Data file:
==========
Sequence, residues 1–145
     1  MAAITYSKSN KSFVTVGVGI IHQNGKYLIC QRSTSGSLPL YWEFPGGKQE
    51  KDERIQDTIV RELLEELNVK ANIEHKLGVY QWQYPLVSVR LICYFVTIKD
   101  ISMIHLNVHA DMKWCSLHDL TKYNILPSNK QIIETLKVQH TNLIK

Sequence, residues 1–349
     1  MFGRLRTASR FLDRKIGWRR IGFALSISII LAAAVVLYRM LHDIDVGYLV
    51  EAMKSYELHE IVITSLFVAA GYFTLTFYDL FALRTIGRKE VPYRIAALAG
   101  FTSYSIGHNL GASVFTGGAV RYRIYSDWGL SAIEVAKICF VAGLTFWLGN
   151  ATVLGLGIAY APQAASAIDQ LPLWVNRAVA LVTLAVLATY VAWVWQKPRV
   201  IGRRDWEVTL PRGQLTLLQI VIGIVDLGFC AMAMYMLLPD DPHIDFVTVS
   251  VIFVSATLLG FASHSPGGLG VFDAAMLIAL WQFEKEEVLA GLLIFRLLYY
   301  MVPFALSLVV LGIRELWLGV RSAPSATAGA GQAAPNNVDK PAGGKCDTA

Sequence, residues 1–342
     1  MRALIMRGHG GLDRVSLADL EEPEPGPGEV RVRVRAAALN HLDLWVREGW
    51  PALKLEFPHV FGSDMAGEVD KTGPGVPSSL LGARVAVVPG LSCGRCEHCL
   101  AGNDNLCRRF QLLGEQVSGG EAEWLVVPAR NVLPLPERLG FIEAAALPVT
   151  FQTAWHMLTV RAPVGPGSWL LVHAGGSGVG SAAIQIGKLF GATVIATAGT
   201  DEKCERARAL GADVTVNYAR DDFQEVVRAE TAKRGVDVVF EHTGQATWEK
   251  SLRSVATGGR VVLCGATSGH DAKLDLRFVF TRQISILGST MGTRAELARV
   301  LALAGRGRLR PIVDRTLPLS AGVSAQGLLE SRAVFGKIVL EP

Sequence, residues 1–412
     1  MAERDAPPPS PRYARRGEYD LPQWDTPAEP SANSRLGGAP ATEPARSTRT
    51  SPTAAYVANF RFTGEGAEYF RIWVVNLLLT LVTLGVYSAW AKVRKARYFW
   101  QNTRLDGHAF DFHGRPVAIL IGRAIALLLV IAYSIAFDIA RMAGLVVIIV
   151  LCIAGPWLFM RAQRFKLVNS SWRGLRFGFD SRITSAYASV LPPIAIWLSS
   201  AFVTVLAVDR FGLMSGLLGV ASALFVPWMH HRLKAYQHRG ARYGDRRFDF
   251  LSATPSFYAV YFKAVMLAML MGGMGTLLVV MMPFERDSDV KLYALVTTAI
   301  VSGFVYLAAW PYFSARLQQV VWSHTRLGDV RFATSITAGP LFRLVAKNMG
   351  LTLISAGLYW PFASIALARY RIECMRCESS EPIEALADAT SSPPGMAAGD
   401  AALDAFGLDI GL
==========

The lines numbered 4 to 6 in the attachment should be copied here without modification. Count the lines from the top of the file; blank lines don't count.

   101  ISMIHLNVHA DMKWCSLHDL TKYNILPSNK QIIETLKVQH TNLIK

Sequence, residues 1–349
     1  MFGRLRTASR FLDRKIGWRR IGFALSISII LAAAVVLYRM LHDIDVGYLV